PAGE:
Interpretive Principles and Practices
and ability seek out the calling of the preaching ministry. Moreover, even of those who have the titles, very few really deserve the honorable names of messenger (angelos) and interpreter. Even at the ascendancy of Puritan influence, in the last decade of the Elizabethan era, it was apparently still very difficult to find godly pastors who could exercise effective expository ministries.
Perkins identified three causes of this dilemma. First, he cited the contempt with which the calling is treated, recognizing that biblical ministry will always be hated by the world since by its very nature it reveals human sin and unmasks hypocrisy. Second, Perkins drew atten- tion to the immense difficulty of discharging the duties of the ministry well. The charge of the cure of souls was (and is) an overwhelming responsibility. The pastor-teacher must speak to God on behalf of the people, as well as speaking to the people on behalf of God, and who is sufficient for these things? Lastly, Perkins focused on the inadequacy of financial recompense and its accompanying status. Who would accept the contempt and the difficulties for such a paucity of reward? Small wonder, he said, that the sharpest minds of the day turn to the law as their chosen profession. And that was over four hundred years ago!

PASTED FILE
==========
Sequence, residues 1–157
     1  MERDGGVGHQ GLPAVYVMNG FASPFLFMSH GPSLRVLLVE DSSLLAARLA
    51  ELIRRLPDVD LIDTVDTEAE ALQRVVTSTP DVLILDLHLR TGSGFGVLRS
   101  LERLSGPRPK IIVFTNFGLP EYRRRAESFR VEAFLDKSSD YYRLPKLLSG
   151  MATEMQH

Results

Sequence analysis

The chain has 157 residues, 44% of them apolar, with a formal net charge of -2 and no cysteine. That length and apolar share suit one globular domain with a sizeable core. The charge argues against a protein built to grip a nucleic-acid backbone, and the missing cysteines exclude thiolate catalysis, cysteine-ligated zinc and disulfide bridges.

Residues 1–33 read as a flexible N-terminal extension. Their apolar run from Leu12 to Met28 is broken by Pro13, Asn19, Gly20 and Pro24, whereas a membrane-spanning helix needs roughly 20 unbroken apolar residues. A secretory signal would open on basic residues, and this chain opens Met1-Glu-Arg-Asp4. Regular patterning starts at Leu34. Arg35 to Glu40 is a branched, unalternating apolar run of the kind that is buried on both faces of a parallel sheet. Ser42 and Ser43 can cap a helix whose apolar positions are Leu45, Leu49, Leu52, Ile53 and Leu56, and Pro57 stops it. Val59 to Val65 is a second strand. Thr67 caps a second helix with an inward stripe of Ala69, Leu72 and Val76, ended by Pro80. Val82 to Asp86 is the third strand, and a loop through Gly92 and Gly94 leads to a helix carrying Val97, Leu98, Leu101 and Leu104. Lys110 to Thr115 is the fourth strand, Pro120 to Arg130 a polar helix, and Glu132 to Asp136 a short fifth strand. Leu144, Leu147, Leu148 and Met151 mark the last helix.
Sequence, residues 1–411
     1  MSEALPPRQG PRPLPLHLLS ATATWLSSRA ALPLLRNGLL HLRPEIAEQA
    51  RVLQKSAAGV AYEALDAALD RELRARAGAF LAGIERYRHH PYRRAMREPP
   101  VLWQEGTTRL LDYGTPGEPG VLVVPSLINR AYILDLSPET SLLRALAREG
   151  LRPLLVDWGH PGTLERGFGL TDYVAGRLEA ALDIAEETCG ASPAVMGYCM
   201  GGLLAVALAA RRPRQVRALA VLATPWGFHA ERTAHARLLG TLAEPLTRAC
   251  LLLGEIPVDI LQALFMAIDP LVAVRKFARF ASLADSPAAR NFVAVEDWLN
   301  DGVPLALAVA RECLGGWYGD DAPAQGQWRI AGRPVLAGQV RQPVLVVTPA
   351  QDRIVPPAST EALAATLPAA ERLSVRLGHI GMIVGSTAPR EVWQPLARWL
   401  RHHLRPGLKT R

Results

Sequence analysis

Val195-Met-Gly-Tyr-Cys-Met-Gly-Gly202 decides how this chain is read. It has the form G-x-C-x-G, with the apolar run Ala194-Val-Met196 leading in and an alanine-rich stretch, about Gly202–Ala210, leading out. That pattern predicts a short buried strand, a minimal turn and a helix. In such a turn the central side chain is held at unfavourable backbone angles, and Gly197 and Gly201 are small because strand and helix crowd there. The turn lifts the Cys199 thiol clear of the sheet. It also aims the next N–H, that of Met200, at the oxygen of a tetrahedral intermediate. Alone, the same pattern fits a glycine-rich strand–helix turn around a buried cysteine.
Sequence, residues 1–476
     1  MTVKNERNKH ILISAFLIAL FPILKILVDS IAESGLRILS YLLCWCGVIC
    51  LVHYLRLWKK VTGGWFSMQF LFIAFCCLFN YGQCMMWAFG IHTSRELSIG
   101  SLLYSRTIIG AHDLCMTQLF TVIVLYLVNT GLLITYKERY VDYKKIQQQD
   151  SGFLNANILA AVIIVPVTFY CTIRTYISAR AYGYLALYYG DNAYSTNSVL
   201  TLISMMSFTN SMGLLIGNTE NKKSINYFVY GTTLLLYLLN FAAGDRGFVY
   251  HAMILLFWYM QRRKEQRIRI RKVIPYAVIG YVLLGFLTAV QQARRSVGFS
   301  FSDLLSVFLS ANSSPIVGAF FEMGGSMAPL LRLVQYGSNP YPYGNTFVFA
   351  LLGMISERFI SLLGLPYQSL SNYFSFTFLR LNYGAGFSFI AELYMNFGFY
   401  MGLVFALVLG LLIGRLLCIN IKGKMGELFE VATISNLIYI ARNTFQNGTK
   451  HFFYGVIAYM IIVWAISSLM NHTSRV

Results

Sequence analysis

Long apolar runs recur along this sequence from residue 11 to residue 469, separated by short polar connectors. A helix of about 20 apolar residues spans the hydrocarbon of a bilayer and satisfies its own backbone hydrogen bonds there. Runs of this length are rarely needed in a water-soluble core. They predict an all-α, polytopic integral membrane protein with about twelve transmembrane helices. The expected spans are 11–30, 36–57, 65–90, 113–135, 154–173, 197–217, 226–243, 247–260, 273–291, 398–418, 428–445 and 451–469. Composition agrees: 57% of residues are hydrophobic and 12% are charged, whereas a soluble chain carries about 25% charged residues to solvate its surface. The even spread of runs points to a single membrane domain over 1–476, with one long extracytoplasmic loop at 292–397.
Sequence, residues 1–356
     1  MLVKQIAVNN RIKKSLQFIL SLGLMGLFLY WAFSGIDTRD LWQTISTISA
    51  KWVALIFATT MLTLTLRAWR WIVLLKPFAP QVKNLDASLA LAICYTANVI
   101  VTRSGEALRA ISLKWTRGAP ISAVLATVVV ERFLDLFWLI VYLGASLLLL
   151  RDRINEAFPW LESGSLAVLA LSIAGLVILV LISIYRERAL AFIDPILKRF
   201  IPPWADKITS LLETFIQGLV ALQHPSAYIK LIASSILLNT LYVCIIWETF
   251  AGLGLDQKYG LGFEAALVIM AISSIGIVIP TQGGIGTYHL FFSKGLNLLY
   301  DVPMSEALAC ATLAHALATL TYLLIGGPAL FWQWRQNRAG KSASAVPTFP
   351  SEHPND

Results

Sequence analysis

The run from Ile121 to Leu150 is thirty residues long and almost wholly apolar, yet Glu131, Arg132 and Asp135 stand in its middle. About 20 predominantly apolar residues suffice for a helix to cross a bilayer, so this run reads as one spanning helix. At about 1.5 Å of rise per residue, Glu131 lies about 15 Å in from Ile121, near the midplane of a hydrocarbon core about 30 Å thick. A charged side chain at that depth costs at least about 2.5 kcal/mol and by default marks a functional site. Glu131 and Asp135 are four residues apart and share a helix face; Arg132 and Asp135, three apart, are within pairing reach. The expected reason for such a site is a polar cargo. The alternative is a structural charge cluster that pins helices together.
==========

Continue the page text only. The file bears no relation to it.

The Contemporary Context
The issues besetting a biblical teaching ministry today are nothing new, though they are more accentuated. While the Reformation era regarded preaching as “the source and spring of Christian faith,” it is now mar- ginalized and increasingly jettisoned. The hostility of the culture has always been a “given,” but the skepticism and rejection of sound biblical teaching at the heart of the local church’s life of ministry—from within the congregation itself—is perhaps a defining aspect of the current crisis. It is, of course, evidence of the world’s waves swamping and threaten- ing the very viability of the church’s boat. A worldly church is always going to reject the clarity of biblical revelation. Such people “will not endure sound teaching, but having itching ears they will accumulate for themselves teachers to suit their own passions, and will turn away from listening to the truth and wander off into myths” (2 Tim. 4:3–4). These can be the myths of atheistic humanism or the psychiatrist’s couch, the flattering spin of the politicians and the advertisers, or the hard-nosed ethos of corporate capitalism and the culture of success. They are all around us, and they are the powerful siren songs of our unbelieving world.